The Mystic Lamb (1432), or the Ghent Altarpiece, in St. Bavo's Cathedral in Ghent, is one of the most magnificent paintings of the Early Northern Renais-sance. It is an immense triptych, 5 meters long and 3 meters wide, and was originally opened only on feast days, when many people and painters would make a pilgrimage to be present at the sacred ritual. They could see – when the wings were closed – the annunciation of the Angel Gabriel to the Virgin Mary, which they knew as the Mystery of the Incarnation. But when the wings were opened they would witness and themselves participate in the revelation of the new order: the Lamb of God, the story of Christendom, and the redemption of the World.
Jan van Eyck
Jan van Eyck (1390 – 1441) is known as the founder of Early Netherlandish Painting. He was born into a family of painters who lived in Maaseik, a small town on the River Meuse, downstream from Maastricht. So great was his reputation that a hundred years later Giorgio Vasari, in his Lives of the Artists, declared him to be the inventor of oil painting. Rather, he refined oil painting by applying transparent colors in several thin glazes upon a white ground, creating a wholly new translucence of color – as if lit from within. His earliest unsigned paintings show him to be a miniaturist of phenomenal precision, and he later brought this skill into the service of his passionate explorations of human consciousness.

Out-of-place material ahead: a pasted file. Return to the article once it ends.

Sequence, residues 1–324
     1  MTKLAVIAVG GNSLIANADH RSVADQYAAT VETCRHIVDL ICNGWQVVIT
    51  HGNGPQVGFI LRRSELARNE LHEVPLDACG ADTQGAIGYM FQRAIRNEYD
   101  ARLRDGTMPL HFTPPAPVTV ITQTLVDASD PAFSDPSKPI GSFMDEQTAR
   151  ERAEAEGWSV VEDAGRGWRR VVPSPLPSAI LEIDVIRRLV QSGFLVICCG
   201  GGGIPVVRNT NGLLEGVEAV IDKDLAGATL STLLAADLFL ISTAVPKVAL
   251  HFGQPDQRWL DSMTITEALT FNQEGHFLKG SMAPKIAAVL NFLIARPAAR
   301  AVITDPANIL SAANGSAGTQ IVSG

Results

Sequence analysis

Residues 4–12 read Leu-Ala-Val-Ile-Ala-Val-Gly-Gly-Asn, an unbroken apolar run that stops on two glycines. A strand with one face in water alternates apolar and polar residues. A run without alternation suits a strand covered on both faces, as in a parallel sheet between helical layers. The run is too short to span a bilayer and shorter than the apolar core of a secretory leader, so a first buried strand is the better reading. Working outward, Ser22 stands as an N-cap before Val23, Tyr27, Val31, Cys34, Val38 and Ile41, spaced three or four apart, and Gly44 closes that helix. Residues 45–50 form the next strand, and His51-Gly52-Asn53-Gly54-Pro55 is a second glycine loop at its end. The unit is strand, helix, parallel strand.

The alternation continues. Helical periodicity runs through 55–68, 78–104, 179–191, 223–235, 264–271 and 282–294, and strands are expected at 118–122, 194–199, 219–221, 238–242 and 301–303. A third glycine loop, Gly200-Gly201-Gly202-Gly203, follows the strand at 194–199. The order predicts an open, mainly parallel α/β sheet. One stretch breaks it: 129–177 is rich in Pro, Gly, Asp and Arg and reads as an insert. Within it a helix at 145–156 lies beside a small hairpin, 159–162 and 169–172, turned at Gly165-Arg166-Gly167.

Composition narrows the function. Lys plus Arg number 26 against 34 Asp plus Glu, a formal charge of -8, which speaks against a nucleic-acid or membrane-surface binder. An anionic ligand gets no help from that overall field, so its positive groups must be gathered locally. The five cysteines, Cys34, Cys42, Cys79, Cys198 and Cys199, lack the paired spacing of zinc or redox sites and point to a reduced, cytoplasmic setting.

In 1422, van Eyck entered the service of John of Bavaria, Count of Holland, in the Hague. On the Count's death in 1425, he became "Court Painter and Chamberlain" to Philip the Good, Duke of Burgandy, in Lille – "to make such paintings as will please the Duke" – a position he held for the rest of his life. As Court Painter he had access to the Duke's large library and the most inquiring minds of the time, and he traveled widely in the course of his work, officially to Portugal and Spain, visiting Santiago de Compostella, and perhaps also Florence; and, unofficially, "on distant journeys to foreign parts…for some secret affairs", suggesting a voyage beyond Christian spheres of influence. It is also known that the Duke thought him the best painter in the world, defended his pay against the protests of accountants, and doubtless protected him from zealous representa-tives of church doctrine.